[Kotem (Armenia), B. Nasturtium nasturtium-aquaticum and N. microphyllum]
Watercress, native to Europe and Western Asia, has been cultured and eaten since prehistoric times. Its relatively mild mustardy bite is a welcome addition to green salads and in sandwiches, but it's also used cooked in soups and other recipes. Depending on how it was grown and cut some of the stems can be quite large. All but the largest can be used along with the leaves as they are hollow, tender and have much the same flavor as the leaves.
Watercress has historically been an important green in Ireland and is still fairly widely used there, but Asian immigrants have greatly increased demand in North America.
More on Mustard, Cabbage and Turnip Greens
Buying: Look for bunches that are crisp, with moderate size stems and particularly watch out for yellowing leaves. Here in Los Angeles watercress is sold in banded bunches typically 7 inches long and weighing between 4 and 5-1/2 ounces. Thickness of the thicker stems varies widely. In the Asian markets the bunches tend to be larger and the price lower than in other markets, due to volume.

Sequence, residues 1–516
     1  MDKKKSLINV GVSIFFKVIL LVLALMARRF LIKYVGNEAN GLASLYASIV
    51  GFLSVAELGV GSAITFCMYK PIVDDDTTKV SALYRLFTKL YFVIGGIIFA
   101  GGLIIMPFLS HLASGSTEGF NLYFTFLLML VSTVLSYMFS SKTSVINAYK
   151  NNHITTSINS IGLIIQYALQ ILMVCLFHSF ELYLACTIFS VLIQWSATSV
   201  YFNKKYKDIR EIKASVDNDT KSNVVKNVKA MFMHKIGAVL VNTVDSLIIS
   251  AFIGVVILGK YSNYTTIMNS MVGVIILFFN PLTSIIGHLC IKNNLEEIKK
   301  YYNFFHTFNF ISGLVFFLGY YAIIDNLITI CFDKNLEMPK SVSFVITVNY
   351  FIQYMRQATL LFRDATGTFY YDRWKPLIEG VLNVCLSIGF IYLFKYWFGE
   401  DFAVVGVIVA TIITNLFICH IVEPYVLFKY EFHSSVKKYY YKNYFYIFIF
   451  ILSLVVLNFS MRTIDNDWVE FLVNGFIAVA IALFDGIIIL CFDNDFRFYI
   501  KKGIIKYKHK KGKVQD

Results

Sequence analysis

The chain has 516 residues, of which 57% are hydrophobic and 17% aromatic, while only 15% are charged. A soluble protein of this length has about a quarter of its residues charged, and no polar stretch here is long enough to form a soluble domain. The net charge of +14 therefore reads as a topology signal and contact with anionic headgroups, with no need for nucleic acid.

Storing: A slightly wilted bunch can be revived by cutting off the bottom 1/4 inch of the stems and standing in a cup of cold water in a cool place for 20 minutes or so. Wrap loosely in plastic and store in the refrigerator. Watercress is very perishable and even a good bunch will be yellowing in two or three days.
Cooking: Watercress is very often used raw, but if not, cooking should be minimal. Watercress is typically added to soups and the like in the last minute or two. Watercress is always cooked in Chinese recipes because they don't use raw vegetables there - for reason.